Tuesday, August 16, 2011

Albeit with a soupçon of envy

(We talk a great deal on Ken Russell's You Tube clips Here are comments and some responses from You tube about Mahler that I really appreciated and enjoyed.)

I actually like slower films, like antonioni or traffaut. But there is something about Ken Russell that is magical. For me he is the closest thing to the bombastic silent film directors to make films in the sound era. I can totally imagine The Devils as a silent film.

Watched this yesterday and I'm still thinking about it. What it does that I've never seen anything else do as acutely is show two people, with the best will in the world, tragically failing to communicate because of the way their personal experiences have shaped their viewpoints. At the start they're so estranged that they seem like monsters of froideur. By the end we understand them and finally, they understand each other – thanks to music. [more]

  • A very interesting movie, combining seriousness with camp. Powell is very good as Mahler, and a few years later he played Jesus Christ in Zeffirelli's excellent "Jesus of Nazareth". I guess if you can play Christ convincingly, everything else becomes a cinch!
    Thanks for uploading this!

    What a travesty. Stupid,banal, tasteless and an insult to Mahler. the fact it's consciously banal doesn't make it any better. Oh yes so over the top it's hilarious but I am somewhere between tears and laughter. Ken Russell is the anti Tarkovsky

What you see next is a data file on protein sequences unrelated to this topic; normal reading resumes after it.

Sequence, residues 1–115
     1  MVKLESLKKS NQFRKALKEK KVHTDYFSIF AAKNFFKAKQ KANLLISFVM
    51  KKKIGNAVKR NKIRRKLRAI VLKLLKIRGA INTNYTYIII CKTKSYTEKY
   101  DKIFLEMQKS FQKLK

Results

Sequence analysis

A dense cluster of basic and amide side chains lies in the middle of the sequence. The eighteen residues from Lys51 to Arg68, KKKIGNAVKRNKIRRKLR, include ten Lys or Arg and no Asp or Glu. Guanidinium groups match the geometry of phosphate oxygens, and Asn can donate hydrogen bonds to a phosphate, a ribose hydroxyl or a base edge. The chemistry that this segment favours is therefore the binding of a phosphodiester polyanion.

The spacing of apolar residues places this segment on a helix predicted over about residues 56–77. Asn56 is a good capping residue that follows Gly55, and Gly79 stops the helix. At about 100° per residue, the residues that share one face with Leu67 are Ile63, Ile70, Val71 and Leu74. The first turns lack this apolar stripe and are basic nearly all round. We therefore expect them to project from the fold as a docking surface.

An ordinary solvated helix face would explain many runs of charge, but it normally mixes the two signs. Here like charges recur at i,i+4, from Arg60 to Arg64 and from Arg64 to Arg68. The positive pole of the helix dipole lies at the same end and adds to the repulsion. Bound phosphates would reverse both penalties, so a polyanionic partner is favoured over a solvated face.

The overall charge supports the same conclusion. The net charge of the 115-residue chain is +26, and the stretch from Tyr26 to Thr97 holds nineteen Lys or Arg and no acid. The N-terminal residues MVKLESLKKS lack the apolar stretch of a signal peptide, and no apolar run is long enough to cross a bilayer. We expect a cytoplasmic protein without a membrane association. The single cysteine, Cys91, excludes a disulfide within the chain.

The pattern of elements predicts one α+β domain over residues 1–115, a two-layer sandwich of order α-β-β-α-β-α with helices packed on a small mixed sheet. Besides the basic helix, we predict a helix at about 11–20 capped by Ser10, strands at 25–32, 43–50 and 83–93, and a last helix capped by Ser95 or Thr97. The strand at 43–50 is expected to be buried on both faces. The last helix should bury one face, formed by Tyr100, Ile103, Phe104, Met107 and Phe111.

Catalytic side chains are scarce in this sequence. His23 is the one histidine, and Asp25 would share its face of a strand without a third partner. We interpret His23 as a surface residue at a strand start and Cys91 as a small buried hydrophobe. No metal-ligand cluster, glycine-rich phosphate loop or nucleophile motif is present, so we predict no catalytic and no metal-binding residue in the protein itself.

You raise an interesting thought; Ken Russell is the anti-Tarkovsky. By being so excessive at being calculatedly over the top, Russell allows the intellectual cinema viewer to have a good laugh at themselves Tarkovsky, on the other hand, is excessive at being ponderously serious. One arisian shows humanity as something tragic, the other as something laughable.
    Thanks for the post and making me think about those two.

    I actually saw the movie several times because of Robert Powell. It brought Mahler to my atention ant I beggined listening to his music. I also got interested in his biography. I came to appreciate both the composer and his music. Since I came to know and appreciate Mahler first of all because of this movie, I believe both Robert Powell and Ken Russel have done a great job, and the movie really reached its goal. To let people know about Mahler and his music.

    Thanks for the upload. I thought is was a pretty crude attempt, frankly. Russell reduces key points in Mahler's like to absurdity. I'm not sure a movie could do someone like a Mahler justice, even if it's one man's "vision" of this genius of late romantic / modern music. His relationship with Alma was for more complex than Russell gives us. Alma was far more than a simple "hausfrau." She was a highly educated and beautiful woman who had notions of a career in music herself.

    I like the campy dream sequence bits, but it's almost a shame they're there because they give Russell this reputation for being a sort of trash king and overshadow the genuine intelligence of his story. Anyway, thanks very much for posting this.


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